Combining the different essential oils will enhance their effects as the combination of health properties boosts healing. As an example, one might be a strong anti-bacterial, while another might work as an antiseptic. You can look around for natural, pre-made blends of essential oils that are meant for topical use on skin infections.
When we think of probiotics, our mind usually associates them with the gut. But they’re not only useful for gut health, they can also be used in the treatment of skin infections!
Lactobacilli contain antimicrobial properties and help fight against skin pathogens, as well as aid in the prevention of biofilm (a build-up of stubborn bacteria on a surface that is very challenging to remove) when applied topically to the skin. Lactobacillus plantarum may also prevent the colonisation of Pseudomonas aeruginosa on the skin and promotes tissue repair in burn wounds.
There aren’t too many skin care products containing probiotics that are explicitly intended for treating skin infections, however, one that might be worth giving a go is Mother Dirt. The ammonia-oxidising bacteria found in Mother Dirt products may help in replacing essential bacteria lost through modern hygiene practices and lifestyle, and may also help to strengthen the skin’s natural defenses against infection.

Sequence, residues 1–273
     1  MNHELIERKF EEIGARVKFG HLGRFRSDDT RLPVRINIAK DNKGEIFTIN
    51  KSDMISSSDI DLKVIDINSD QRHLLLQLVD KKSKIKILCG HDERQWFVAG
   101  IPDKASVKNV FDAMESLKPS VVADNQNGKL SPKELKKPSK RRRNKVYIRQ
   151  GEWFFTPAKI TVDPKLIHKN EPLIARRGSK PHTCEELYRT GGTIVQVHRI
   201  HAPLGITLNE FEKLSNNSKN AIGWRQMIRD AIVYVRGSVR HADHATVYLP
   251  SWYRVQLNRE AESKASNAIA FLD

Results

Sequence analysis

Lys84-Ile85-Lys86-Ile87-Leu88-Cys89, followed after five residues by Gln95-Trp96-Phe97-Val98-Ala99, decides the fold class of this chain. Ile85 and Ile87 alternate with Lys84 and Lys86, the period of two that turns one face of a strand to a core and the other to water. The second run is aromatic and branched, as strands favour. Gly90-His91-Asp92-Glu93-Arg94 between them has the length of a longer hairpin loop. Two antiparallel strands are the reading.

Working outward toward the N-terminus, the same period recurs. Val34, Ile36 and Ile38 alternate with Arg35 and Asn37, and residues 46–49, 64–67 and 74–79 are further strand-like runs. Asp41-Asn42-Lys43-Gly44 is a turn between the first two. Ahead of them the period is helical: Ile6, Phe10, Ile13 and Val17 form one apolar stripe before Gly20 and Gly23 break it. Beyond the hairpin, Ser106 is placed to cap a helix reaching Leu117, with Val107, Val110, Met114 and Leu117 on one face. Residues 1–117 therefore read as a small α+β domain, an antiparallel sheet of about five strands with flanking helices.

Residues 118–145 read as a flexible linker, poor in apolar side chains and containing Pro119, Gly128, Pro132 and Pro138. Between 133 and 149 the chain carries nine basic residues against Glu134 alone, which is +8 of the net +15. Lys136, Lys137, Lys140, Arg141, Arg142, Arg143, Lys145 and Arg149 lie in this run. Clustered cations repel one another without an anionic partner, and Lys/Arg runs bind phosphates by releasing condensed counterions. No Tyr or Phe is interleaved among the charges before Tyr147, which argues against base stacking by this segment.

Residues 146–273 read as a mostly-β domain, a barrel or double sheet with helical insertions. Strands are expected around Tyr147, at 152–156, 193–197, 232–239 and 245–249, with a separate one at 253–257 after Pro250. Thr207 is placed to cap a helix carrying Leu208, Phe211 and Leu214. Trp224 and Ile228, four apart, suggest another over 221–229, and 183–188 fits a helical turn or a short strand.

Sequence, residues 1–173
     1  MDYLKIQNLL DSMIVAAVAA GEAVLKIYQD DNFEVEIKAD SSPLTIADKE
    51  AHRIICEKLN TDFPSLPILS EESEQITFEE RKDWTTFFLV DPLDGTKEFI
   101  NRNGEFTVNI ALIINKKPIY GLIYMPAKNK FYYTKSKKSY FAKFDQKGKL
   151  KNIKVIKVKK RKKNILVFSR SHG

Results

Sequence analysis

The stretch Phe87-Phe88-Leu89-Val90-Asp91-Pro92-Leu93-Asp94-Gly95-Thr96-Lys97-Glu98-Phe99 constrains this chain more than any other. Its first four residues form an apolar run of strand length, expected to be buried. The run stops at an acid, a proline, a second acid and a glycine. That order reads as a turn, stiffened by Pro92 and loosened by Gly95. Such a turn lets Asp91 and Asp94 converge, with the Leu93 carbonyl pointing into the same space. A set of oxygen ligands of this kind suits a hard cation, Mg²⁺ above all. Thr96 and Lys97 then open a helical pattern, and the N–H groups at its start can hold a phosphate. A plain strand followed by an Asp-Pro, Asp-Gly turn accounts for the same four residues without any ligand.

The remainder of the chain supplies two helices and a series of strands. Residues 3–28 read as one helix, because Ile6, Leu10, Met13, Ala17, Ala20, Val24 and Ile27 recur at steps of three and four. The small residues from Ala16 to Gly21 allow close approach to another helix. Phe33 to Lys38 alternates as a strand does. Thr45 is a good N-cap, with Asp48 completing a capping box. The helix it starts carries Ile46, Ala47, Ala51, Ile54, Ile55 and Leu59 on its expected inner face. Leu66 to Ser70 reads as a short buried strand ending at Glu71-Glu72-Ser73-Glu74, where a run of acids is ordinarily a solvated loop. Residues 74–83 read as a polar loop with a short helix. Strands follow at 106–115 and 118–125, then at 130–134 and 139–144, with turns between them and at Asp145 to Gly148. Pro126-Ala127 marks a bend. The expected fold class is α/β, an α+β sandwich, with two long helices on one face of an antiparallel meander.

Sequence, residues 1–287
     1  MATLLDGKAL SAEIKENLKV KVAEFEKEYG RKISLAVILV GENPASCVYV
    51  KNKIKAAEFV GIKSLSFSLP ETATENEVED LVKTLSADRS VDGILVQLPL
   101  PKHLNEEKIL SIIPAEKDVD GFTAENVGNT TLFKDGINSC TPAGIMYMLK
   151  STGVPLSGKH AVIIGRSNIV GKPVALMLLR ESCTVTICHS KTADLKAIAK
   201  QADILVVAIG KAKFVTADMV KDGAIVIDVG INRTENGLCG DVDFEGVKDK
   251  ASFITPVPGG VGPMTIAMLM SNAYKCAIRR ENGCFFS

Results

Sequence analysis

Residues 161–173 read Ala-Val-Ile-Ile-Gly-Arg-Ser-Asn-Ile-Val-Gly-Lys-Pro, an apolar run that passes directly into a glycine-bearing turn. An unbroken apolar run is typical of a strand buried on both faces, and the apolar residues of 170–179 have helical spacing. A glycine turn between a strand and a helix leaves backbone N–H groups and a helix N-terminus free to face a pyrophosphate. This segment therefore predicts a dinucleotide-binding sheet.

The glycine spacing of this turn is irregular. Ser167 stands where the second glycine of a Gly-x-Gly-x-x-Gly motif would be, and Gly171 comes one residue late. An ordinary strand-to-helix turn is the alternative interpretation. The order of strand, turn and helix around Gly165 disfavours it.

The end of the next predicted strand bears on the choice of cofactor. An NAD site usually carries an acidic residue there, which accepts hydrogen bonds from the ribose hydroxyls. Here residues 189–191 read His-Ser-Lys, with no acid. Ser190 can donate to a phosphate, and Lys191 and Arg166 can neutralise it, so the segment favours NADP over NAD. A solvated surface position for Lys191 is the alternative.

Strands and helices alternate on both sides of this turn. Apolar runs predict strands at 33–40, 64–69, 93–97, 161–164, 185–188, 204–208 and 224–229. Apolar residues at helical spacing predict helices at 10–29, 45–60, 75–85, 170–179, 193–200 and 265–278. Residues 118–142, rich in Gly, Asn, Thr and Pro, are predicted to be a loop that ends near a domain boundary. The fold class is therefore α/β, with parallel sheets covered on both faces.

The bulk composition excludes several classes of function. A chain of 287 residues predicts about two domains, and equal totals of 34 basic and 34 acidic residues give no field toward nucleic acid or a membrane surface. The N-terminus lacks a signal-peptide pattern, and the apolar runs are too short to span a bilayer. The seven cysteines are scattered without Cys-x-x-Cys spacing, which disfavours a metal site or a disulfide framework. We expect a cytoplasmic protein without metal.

As always, this is not personal medical advice and we recommend that you talk with your doctor before trying or using any new products.
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Have you tried using natural treatments to heal skin infections before? What natural remedies did you use? Did they help? Share in the comments below!
Kresser, Chris. (November 1, 2018). 6 Ways to Treat a Skin Infection Using Natural Remedies. Chris Kresser. Retrieved from https://chriskresser.com/6-ways-to-treat-a-skin-infection-using-natural-remedies/
What is CBD?. Project CBD. Retrieved from https://www.projectcbd.org/about/what-cbd